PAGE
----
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Silas Jackson
by [?]

Silas, however, was not without the pride of his kind, and although his father protested that it was a useless extravagance, he insisted upon going to the nearest village and investing part of his small savings in a new suit of clothes. It was quaint and peculiar apparel, but it was the boy’s first “store suit,” and it filled him with unspeakable joy. His brothers and sisters regarded his new magnificence with envying admiration. It would be a long while before they got away from bagging, homespun, and copperas-colored cotton, whacked out into some semblance of garments by their “mammy.” And so, armed with a light bundle, in which were his few other belongings, and fearfully and wonderfully arrayed, Silas Jackson set out for the Springs. His father’s parting injunctions were ringing in his ears, and the memory of his mammy’s wet eyes and sad face lingered in his memory. She had wanted him to take the gaudy Bible away, but it was too heavy to carry, especially as he was to walk the whole thirty miles to the land of promise. At the last, his feeling of exaltation gave way to one of sorrow, and as he went down the road, he turned often to look at the cabin, until it faded from sight around the bend. Then a lump rose in his throat, and he felt like turning and running back to it. He had never thought the old place could seem so dear. But he kept his face steadily forward and trudged on toward his destiny.

The Springs was the fashionable resort of Virginia, where the aristocrats who thought they were ill went to recover their health and to dance. Compared with large cities of the North, it was but a small town, even including the transient population, but in the eyes of the rural blacks and the poor whites of the region, it was a place of large importance.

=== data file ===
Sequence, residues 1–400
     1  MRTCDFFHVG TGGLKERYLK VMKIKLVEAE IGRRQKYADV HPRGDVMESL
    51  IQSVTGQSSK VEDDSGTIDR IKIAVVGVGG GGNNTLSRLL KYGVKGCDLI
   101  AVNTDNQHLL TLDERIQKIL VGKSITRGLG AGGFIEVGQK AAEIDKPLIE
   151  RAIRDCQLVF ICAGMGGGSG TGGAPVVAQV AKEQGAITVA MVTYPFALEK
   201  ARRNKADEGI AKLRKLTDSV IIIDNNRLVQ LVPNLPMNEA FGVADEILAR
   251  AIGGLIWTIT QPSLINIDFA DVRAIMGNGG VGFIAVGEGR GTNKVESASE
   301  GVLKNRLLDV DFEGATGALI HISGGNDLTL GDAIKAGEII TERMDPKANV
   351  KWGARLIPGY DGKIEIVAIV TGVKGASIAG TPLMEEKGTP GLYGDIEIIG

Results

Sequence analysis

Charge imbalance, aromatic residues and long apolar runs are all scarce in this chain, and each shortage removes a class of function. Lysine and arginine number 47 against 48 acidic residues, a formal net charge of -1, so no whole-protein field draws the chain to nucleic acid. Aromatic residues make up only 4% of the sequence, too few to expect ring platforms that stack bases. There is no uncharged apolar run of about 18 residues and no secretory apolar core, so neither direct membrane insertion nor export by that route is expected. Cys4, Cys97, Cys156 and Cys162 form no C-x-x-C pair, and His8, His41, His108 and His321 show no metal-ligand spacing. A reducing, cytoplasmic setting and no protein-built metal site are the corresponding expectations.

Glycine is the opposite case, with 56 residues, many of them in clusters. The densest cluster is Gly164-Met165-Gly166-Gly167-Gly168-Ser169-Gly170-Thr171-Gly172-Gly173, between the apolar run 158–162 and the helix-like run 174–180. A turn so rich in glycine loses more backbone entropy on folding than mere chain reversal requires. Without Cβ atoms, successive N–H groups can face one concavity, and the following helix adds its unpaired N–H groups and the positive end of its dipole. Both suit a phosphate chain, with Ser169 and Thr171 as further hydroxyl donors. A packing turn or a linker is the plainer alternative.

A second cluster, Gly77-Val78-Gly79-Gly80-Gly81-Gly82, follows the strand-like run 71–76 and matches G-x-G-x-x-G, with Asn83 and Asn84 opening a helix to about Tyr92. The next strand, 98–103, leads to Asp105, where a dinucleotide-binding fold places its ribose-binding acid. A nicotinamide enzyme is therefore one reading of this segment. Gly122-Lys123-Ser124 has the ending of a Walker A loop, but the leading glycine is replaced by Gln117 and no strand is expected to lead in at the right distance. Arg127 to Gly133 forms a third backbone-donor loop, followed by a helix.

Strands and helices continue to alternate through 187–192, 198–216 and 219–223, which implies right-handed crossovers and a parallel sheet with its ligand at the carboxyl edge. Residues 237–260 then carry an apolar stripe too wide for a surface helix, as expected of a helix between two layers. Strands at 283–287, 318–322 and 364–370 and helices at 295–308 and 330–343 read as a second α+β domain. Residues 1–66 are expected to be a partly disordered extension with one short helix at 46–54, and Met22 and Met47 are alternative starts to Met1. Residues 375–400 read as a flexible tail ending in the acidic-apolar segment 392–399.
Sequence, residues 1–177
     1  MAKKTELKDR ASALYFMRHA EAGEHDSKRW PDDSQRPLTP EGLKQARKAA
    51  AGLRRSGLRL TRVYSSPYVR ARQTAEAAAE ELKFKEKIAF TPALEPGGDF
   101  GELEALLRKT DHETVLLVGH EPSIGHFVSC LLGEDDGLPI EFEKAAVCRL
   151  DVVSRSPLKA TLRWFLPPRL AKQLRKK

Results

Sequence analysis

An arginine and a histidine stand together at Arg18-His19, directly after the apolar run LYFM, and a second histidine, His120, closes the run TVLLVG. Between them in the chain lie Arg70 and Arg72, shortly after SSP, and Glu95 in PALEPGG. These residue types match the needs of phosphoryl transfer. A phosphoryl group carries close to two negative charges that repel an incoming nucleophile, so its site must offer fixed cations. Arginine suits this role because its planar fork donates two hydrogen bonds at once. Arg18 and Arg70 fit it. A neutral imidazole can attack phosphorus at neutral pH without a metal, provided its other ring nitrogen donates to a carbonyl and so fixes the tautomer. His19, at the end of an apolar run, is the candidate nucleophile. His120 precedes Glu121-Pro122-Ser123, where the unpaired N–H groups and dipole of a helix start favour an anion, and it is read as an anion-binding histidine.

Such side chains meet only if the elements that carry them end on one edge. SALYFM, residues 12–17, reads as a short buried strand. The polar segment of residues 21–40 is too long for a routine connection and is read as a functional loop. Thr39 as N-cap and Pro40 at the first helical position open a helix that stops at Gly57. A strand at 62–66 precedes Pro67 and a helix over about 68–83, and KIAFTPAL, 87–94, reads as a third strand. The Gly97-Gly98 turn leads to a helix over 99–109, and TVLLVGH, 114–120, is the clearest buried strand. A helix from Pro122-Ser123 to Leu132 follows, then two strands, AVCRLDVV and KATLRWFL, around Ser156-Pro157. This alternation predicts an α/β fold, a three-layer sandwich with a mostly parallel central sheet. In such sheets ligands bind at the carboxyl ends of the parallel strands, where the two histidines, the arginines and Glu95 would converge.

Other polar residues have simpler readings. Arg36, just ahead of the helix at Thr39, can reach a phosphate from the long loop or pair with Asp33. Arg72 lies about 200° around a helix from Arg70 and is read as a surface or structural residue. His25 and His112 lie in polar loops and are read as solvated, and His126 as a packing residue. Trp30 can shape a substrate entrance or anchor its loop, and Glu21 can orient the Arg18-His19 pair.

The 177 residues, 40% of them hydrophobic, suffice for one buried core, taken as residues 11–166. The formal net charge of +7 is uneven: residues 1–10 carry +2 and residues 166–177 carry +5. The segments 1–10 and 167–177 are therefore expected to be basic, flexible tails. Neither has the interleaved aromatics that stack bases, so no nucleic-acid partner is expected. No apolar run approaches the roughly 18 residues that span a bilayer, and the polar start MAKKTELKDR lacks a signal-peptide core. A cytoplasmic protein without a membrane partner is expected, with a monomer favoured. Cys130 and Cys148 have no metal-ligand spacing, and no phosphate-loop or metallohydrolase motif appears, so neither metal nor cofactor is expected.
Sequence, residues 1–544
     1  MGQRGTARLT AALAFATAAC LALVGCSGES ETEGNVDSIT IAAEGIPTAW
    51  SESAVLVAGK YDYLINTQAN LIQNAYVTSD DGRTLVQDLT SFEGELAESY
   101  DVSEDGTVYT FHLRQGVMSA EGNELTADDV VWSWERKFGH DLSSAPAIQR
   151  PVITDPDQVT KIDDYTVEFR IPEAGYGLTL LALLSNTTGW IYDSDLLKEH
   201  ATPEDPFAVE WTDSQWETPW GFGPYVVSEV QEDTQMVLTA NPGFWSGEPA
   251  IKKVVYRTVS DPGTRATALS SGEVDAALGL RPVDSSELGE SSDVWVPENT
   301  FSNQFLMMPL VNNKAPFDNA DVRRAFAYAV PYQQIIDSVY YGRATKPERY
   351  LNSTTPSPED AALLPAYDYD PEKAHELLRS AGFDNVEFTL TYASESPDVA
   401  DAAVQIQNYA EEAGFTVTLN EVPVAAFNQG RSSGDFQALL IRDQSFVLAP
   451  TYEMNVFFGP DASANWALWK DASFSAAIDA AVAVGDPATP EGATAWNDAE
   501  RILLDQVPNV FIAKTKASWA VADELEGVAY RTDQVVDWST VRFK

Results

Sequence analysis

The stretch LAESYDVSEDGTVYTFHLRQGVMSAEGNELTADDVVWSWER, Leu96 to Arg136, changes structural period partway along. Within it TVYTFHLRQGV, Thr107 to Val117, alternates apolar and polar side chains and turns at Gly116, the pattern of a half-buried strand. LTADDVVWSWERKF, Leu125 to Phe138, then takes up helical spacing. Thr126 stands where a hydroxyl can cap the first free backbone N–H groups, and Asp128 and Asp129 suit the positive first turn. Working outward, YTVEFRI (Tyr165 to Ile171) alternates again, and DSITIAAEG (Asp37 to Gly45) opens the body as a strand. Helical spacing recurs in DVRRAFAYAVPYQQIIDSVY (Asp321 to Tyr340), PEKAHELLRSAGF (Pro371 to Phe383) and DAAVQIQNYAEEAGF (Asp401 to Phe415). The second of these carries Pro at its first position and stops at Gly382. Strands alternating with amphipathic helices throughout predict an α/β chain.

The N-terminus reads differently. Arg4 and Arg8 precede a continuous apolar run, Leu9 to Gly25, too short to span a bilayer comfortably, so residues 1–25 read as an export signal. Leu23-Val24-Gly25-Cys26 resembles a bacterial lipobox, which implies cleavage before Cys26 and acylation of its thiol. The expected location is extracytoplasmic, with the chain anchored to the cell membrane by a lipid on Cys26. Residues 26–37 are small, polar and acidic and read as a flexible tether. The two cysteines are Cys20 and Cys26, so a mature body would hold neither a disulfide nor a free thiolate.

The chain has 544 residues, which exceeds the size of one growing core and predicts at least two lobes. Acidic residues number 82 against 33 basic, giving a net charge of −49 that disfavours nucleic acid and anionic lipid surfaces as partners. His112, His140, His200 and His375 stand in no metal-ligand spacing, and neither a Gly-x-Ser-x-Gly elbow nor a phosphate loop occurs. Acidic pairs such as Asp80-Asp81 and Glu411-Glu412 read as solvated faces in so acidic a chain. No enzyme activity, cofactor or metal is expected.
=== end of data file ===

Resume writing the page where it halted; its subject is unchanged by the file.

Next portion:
Hither, on the morning after his departure from the home gate, came Silas Jackson, a little foot-sore and weary, but hopeful withal. In spite of the pains that he had put upon his dressing, he was a quaint figure on the city streets. Many an amused smile greeted him as he went his way, but he saw them not. Inquiring the direction, he kept on, until the many windows and broad veranda of the great hotel broke on his view, and he gasped in amazement and awe at the sight of it, and a sudden faintness seized him. He was reluctant to go on, but the broad grins with which some colored men who were working about the place regarded him, drove him forward, in spite of his embarrassment.

He found his way to the kitchen, and asked in trembling tones for the head waiter. Breakfast being over, that individual had leisure to come to the kitchen. There, with the grinning waiters about him, he stopped and calmly surveyed Silas. He was a very pompous head waiter.

Silas had never been self-conscious before, but now he became distressfully aware of himself–of his awkwardness, of his clumsy feet and dangling hands, of the difference between his clothes and the clothes of the men about him.

After a survey, which seemed to the boy of endless duration, the head waiter spoke, and his tone was the undisputed child of his looks.

“I pussoom,” said Mr. Buckner, “that you are the pusson Mistah Ma’ston spoke to the p’op’ietor about?”

“Yes, suh, I reckon I is. He p’omised to git me a job up hyeah, an’ I got yo’ lettah–” here Silas, who had set his bundle on the floor in coming into the Presence, began to fumble in his pockets for the letter. He searched long in vain, because his hands trembled, and he was nervous under the eyes of this great personage who stood unmoved and looked calmly at him.

Finally the missive was found and produced, though not before the perspiration was standing thick on Silas’s brow. The head waiter took the sheet.